More than two years into the COVID-19 pandemic, people are realizing that the "new normal" will probably involve learning to co-exist with SARS-CoV-2. Some treatments are available, but with new variants emerging, researchers are looking toward new strategies. In ACS Infectious Diseases, scientists now report that apratoxin S4, an anticancer drug candidate that targets a human protein, can interfere with the replication of many viruses, including SARS-CoV-2 and influenza A, offering a possible pan-viral therapy.
Although COVID-19 vaccines exist, some people who received the shots have still become sick with the disease, and only a fraction of the world's population is vaccinated. That means treatments are still needed, and a few are now available that target the virus's RNA polymerase -- the enzyme it uses to make more of its own RNA inside human cells. But some of these drugs, such as remdesivir, don't work unless given at very early stages and can require injections.
In the hunt for new ways to treat COVID-19, various teams have revisited drugs that are already known to fight other diseases, a strategy called "repurposing." One such preclinical stage compound is apratoxin S4 (Apra S4), which is a molecule based on a natural product that has anti-cancer activity. Previous studies have shown that apratoxins can target a human protein called Sec61, which ensures that certain proteins are properly glycosylated and folded correctly. Since viruses don't have their own machinery to do this, they hijack the process and force human cells to make functional viral proteins. Sec61 is essential for the influenza A, HIV and dengue viruses to cause infection, so Hendrik Luesch and colleagues wondered if apratoxins could be a broadly effective, pan-viral medication that could also combat SARS-CoV-2.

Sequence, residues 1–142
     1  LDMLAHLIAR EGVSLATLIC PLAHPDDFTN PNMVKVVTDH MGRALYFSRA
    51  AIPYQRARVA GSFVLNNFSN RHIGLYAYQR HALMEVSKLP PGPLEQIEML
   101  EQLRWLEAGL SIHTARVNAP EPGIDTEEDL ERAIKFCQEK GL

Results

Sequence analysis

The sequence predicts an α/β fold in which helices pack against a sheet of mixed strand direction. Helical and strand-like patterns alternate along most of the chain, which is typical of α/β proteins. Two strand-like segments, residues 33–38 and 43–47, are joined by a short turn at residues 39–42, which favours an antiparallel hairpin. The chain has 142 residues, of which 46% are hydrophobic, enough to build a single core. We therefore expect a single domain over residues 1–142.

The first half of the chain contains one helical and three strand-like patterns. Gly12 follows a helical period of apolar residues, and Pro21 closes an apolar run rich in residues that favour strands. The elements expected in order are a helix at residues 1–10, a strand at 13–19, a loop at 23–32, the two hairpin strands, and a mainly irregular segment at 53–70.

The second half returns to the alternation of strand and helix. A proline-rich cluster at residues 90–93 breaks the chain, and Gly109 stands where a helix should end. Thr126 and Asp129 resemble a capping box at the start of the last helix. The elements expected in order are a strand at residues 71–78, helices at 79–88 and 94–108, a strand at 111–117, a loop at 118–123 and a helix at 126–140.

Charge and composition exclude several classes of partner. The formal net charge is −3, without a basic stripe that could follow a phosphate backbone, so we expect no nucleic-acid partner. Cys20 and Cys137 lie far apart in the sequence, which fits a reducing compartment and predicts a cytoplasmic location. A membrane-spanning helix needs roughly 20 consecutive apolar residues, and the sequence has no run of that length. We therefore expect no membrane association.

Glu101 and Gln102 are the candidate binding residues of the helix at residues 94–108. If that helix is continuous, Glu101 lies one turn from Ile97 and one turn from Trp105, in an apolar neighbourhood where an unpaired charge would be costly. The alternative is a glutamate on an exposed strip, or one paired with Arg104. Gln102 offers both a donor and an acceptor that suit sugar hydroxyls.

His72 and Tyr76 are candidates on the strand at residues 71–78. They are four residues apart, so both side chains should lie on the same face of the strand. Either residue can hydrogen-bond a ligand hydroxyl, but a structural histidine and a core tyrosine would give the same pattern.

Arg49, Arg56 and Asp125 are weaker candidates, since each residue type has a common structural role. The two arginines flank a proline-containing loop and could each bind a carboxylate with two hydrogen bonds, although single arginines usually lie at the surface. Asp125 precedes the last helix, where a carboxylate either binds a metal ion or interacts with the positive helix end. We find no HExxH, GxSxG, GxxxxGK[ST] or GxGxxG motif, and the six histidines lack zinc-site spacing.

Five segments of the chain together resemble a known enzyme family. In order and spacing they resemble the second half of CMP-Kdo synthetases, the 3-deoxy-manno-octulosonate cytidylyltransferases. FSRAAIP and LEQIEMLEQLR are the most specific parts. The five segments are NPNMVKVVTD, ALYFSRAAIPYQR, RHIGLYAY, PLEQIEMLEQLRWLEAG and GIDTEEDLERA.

In tests with monkey and human cells exposed to SARS-CoV-2, the researchers found that treatment with Apra S4 reduced the number of infected cells compared with remdesivir treatment. The molecule was also effective against influenza A, Zika virus, dengue and West Nile virus infections. Further testing revealed that Apra S4 didn't prevent SARS-CoV-2 from entering cells, but it reduced the amount of viral protein that was produced and transported in cells, especially the spike protein, and it decreased viral RNA replication. With electron microscopy, the team observed that Apra S4 also largely blocked the formation of new viruses, with many vesicles in SARS-CoV-2-exposed monkey cells having no or very few brand-new viral particles in them. The researchers say more studies are needed, but these results suggest that Apra S4 and other inhibitors of the human Sec61 protein are broadly acting antivirals that could help in the fight against future pandemics.
The authors acknowledge funding from the National Institutes of Health, the Debbie and Sylvia DeSantis Chair professorship, the Department of Defense, the Dengue Human Immunology Project Consortium, philanthropic donations, JPB Foundation, the Open Philanthropy Project and the Swiss National Science Foundation.
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